Cash for Clunkers Buoys US Auto Sales; Hybrid Sales Up 31.8% for Monthly New Vehicle Share of 3.55%
US DOE to Award More Than $327M in Recovery Act Funding for Science Research; Includes Support for Biofuels, Smart Grid and Fusion Energy

Solazyme Awarded California Energy Commission Grant to Develop Clean Fuel from Local Cellulosic Feedstocks

Solazyme, Inc., a renewable oil production and algal biotechnology company, was awarded a $789,697 Biosynthetic Transportation Fuel Production grant from the California Energy Commission’s Public Interest Energy Research (PIER) program. The award will further Solazyme’s research and development of a clean, renewable fuel from cellulosic feedstocks with associated economic benefits and local employment opportunities.

The PIER Program Opportunity Notice (PON) announced that up to $1.65 million was available for PIER project funding. Nearly half of those funds were awarded to Solazyme.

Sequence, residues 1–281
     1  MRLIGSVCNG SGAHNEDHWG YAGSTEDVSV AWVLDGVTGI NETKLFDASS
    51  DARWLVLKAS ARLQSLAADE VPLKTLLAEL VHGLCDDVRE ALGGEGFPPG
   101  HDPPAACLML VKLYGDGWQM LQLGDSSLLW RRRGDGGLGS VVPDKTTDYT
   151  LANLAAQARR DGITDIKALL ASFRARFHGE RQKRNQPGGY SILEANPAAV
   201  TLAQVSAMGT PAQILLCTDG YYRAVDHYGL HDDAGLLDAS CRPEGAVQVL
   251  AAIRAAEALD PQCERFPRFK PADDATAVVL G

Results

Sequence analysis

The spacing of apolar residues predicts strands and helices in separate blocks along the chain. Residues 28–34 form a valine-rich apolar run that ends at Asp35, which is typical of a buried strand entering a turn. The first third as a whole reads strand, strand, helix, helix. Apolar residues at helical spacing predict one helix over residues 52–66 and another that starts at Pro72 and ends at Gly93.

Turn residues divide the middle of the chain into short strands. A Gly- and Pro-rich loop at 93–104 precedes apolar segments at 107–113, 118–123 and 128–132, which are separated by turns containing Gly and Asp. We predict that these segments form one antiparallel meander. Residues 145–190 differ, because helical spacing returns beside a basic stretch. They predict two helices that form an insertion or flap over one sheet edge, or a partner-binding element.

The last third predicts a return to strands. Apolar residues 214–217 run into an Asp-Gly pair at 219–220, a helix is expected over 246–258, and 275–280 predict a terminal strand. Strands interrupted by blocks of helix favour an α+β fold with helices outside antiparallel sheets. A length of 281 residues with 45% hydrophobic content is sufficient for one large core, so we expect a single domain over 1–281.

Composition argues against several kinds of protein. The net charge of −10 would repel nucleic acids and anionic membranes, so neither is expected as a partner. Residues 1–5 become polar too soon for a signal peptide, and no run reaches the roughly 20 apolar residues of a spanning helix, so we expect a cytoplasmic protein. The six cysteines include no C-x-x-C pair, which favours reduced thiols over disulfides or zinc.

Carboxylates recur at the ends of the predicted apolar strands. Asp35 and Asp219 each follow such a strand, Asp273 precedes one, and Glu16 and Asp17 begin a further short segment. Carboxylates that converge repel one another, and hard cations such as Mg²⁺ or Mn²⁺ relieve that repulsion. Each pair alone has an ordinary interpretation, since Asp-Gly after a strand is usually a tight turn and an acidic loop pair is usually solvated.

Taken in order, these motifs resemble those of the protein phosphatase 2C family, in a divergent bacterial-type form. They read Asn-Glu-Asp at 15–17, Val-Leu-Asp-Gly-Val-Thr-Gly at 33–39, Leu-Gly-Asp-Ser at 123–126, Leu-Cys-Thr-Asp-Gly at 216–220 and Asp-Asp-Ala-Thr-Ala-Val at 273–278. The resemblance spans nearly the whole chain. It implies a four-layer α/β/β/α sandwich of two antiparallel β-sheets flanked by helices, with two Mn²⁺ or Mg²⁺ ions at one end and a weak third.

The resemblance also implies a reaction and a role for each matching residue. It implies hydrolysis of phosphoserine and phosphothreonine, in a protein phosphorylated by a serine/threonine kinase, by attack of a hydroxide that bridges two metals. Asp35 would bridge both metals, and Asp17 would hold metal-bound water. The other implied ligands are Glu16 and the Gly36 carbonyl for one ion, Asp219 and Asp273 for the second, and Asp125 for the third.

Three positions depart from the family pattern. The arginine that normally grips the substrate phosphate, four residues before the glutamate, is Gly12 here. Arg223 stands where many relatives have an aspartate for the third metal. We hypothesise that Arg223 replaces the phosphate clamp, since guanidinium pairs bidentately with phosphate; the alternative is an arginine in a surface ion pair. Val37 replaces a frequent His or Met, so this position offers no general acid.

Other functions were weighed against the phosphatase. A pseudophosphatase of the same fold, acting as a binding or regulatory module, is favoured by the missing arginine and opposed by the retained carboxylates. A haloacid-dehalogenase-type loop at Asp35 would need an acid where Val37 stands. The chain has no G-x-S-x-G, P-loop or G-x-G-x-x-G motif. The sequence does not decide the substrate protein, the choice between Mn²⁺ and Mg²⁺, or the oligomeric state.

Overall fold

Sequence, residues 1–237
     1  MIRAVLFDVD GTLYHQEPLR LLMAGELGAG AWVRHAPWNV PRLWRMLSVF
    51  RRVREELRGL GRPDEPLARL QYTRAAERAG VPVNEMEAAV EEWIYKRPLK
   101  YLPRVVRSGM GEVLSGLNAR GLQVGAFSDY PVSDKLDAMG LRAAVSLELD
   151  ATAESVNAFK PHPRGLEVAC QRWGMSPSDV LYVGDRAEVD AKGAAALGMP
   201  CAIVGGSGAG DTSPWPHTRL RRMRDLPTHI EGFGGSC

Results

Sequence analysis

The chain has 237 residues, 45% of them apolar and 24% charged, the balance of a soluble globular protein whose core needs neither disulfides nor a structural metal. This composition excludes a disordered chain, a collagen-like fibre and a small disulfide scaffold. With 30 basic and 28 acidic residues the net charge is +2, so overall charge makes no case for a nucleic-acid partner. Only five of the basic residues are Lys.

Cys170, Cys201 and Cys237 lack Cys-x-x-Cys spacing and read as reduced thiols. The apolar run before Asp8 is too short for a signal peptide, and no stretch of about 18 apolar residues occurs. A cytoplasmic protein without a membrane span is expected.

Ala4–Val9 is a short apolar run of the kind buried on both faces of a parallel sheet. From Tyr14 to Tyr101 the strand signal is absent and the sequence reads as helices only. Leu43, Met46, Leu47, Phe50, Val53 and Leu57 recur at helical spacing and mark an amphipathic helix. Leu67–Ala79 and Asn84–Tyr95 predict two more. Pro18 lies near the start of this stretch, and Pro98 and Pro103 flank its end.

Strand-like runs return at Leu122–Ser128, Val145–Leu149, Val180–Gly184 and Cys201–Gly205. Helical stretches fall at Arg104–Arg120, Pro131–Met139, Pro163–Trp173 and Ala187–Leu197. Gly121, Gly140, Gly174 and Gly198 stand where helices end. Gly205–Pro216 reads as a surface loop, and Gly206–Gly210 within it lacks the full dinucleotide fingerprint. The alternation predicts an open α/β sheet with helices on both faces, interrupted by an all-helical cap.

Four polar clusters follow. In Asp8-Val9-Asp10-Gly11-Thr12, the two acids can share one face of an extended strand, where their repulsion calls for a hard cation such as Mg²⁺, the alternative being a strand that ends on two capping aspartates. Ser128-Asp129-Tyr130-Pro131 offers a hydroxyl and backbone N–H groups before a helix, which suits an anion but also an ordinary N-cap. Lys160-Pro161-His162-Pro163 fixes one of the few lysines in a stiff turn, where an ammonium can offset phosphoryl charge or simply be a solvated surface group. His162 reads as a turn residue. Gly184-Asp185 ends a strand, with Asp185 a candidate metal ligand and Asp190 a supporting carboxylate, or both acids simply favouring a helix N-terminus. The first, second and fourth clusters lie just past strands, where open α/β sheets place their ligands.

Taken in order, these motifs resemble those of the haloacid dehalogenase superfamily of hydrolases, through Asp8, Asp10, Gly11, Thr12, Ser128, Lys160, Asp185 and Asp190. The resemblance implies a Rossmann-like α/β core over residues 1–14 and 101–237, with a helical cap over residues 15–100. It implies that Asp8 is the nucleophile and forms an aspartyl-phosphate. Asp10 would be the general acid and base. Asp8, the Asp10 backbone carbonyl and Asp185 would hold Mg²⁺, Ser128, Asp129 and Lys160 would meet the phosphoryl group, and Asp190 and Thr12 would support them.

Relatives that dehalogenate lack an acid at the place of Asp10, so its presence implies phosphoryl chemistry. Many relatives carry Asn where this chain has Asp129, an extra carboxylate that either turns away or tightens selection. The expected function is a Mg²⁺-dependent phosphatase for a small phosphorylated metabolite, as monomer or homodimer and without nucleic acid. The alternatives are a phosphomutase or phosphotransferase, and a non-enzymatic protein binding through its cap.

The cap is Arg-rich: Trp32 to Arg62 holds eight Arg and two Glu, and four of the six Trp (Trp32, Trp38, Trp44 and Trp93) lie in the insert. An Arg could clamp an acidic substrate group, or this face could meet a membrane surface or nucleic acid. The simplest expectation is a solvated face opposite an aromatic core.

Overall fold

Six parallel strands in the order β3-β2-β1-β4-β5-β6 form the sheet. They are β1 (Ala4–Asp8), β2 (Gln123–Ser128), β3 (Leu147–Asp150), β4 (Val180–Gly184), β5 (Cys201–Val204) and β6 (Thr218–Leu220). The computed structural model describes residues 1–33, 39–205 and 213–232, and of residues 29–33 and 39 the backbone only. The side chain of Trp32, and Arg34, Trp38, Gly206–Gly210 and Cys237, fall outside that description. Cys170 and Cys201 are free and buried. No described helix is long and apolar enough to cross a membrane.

Solazyme has already produced laboratory scale quantities of oil from multiple cellulosic feedstocks, including switchgrass, miscanthus, sugar beet pulp, corn stover and sugarcane bagasse, and has identified a number of algae strains that grow on these types of feedstocks. The grant supports the company’s ongoing efforts to:

  • Evaluate and procure local cellulosic sugars
  • Identify and optimize algal strains for oil production from cellulosic sources
  • Convert algal biomass to oil
  • Develop a commercialization plan and roadmap for Soladiesel



Stimulating ideas and pilot programmes from companies like this is as good an expenditure as was the WPA. Hopefully these investments will return funds in profits to the General Account.


No mention of rice husks, the burning of which was a source of air polution in the central valley.


Terrific multiple objectives but with very little funds.

May be just enough resources to write a limited report about how it could be done....


The rice straw in the central valley of California could be cellulose biofuel feedstock. They could gasify it and produce power and fuel. There is a lot of silica in rice straw, but they can deal with that.

The comments to this entry are closed.